6. The sun was climbing out of the deep well of winter, but it was still brutally cold.
  7. winter colors daubed the land in colors of brown and gray
  8. sunny, crisp and cool
  9. The crisp air and clear sky energized his thoughts.

Rainy weather

  1. grey wet morning
  2. rain-swept and unpleasantly chilly
  3. A flurry of rain stung my face.
  4. Cold rain was beating down on my windshield.
  5. The sky was leaden.
  6. The wind was icy and withering.
  7. Downpour started in the early evening and continued on through the night, a heavy pelting of water that thundered against rooftops and drowned out the sound of all else. By morning, city streets were shallow rivers rushing toward the ocean.
  8. Rain ran down the window, the streets gleamed.
  9. rain-swept
  10. damp paving stones
  11. By the time it reaches the ground, it has spent its energy.
  12. windshield wipers barely keeping up with the cold, hard rain
  13. The rain came steady and cold against the windshield and rattled on the roof of the car.
  14. turned her head away and looked out my window, where it had gotten dark and shiny with the lights glistening off the rain.
  15. The maple trees were black and slick in the rain, their bare branches shiny. The flower bed was a soggy matting of dead stems.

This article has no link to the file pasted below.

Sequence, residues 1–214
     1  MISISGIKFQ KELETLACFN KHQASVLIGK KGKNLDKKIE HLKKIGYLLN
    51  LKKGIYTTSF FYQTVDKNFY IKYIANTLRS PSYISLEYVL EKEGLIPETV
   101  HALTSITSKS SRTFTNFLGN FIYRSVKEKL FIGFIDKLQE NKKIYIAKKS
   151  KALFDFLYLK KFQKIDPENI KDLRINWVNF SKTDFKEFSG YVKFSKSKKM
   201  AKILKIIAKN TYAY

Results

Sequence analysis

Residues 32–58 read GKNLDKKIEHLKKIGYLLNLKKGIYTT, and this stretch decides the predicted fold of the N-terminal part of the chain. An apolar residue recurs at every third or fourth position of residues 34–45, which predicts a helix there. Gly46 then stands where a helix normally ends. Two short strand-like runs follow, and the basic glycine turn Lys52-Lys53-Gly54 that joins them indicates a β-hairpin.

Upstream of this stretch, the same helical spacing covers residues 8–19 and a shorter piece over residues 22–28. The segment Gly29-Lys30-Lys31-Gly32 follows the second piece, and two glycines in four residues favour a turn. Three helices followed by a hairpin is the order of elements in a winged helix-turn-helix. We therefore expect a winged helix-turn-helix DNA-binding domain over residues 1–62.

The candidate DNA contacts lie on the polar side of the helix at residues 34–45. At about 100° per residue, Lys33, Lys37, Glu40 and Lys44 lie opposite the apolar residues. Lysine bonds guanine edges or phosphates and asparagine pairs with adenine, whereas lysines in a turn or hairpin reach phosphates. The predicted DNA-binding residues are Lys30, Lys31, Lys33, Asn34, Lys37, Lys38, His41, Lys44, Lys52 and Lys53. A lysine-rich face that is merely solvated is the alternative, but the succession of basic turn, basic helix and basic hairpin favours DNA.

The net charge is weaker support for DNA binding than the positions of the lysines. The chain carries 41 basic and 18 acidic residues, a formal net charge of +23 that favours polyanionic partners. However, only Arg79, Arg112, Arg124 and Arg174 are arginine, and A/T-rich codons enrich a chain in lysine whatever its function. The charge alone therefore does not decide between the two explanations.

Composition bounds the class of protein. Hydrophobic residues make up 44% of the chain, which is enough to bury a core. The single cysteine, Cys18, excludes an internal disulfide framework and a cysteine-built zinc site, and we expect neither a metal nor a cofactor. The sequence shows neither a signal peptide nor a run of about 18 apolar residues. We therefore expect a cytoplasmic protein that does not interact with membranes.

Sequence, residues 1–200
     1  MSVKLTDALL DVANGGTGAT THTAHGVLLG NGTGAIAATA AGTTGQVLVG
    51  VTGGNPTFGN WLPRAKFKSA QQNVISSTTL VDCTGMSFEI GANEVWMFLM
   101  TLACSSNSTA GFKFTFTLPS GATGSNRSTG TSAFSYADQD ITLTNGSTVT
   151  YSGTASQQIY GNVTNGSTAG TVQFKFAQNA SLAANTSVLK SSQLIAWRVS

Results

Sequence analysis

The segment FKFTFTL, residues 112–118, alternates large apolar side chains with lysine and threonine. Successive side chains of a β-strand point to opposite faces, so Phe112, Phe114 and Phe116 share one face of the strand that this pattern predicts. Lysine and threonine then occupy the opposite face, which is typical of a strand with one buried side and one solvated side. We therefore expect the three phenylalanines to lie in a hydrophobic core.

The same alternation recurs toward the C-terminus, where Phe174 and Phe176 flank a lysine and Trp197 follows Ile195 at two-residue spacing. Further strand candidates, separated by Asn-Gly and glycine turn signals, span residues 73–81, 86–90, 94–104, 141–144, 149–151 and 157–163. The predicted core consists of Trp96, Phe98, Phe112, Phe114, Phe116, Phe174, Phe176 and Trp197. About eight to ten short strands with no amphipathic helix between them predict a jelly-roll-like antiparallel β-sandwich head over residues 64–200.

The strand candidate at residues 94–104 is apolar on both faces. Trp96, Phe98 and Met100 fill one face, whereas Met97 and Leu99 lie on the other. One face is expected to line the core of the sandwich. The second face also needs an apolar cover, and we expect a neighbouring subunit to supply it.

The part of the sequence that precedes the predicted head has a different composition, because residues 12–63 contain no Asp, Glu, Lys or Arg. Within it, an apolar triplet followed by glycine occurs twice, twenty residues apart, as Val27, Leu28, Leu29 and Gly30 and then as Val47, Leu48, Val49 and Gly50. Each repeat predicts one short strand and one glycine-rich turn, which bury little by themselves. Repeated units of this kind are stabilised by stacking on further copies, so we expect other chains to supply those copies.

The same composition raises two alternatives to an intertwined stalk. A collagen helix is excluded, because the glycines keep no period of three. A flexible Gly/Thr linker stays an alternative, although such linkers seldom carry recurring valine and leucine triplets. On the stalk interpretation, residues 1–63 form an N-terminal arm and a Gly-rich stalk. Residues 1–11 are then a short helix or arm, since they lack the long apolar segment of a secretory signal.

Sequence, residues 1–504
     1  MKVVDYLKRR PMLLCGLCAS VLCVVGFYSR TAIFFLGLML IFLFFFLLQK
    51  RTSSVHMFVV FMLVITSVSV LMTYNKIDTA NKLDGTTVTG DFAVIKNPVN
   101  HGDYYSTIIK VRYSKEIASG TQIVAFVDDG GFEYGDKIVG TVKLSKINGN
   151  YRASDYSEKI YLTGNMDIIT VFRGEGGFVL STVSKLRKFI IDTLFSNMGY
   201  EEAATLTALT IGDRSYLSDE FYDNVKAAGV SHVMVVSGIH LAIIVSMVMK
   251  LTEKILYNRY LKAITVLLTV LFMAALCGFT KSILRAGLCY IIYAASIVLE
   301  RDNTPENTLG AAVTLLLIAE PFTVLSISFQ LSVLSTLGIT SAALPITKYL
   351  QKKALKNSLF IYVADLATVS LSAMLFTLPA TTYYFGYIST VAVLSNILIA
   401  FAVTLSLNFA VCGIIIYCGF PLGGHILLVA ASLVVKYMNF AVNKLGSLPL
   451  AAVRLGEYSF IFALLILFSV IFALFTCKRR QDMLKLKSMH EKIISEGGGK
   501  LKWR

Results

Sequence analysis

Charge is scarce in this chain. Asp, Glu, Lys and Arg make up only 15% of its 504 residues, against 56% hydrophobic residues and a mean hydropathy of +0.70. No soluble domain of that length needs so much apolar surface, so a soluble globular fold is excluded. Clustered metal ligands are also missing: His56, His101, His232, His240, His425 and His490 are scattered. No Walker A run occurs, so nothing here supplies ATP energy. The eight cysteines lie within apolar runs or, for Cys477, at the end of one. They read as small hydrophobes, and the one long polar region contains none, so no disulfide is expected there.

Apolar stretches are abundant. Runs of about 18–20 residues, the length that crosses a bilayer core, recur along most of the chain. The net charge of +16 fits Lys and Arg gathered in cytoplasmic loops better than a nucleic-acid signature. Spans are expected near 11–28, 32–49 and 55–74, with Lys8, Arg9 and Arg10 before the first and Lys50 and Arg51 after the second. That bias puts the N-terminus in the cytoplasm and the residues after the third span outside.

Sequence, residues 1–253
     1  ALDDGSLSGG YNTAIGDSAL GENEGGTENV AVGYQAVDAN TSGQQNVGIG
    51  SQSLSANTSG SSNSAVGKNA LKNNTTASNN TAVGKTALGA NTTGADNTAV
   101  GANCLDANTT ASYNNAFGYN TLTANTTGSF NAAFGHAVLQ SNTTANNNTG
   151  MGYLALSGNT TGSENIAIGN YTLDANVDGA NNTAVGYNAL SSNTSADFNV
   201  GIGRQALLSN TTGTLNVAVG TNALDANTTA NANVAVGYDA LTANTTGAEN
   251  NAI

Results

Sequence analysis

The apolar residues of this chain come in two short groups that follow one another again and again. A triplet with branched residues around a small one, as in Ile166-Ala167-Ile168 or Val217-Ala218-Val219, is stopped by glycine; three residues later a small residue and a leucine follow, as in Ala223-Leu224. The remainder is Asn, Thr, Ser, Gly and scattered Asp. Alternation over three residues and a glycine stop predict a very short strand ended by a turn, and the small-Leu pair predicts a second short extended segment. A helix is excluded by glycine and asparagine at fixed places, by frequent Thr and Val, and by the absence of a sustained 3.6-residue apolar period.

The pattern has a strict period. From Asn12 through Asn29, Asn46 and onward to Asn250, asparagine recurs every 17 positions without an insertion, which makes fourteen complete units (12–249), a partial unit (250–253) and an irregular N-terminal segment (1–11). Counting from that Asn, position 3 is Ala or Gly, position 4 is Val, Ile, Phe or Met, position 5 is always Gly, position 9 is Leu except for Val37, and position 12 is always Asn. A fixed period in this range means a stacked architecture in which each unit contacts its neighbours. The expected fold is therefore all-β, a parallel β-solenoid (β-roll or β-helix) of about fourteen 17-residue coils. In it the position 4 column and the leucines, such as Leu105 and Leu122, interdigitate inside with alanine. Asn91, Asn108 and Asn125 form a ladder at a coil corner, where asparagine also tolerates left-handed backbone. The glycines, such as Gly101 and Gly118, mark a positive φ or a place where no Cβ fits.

16. The sky was low and gray.
  17. Air was swollen.
  18. the rain was steady and warm and vertical
  19. drizzly rain
  20. The sleaty rain drizzled down, not very hard and not very fast, but steady.
  21. Rain came down so hard it almost hurt, stinging the skin and blowing into the eyes and nose and mouth, but in the forest its fall is broken by the trees.
  22. saw a distant flash of lightning, counted the seconds, and then said, “six miles, more or less.”

People in hot weather:

  1. Heat wave hit, temperatures went soaring.
  2. The heat hit them like a hand in the face.
  3. strode into the dusk, into the stifling heat
  4. The heat smacked the grin off his face.
  5. Burst back into the blistering hot sun. Sweat immediately beaded across her brow. She could feel her T-shirt glue itself stickily to her skin.
  6. I could feel the sweat form along my backbone and trickle down.
  7. She slogged forward, feeling blotches of dark gray sweat bloom across the front of her T-shirt, while more trailed down the small of her back.
  8. slogging across pavement as hot as ash in August.
  9. white dress shirt, sharply pressed this morning, was now plastered against his chest
  10. already short of breath, his lungs laboring as they headed down the path
  11. still wrung out from working in the heat
  12. Take your shirt off. Pop your underwear in the freezer. Dump a tray of ice cubes on your bed. Throw back some chilled vodka shots before you go to sleep.
  13. The semi-drought slowly draining the life out of the grass and trees.
  14. Only 7 in the morning, and already stocky hot. *** had a sheen across his forehead.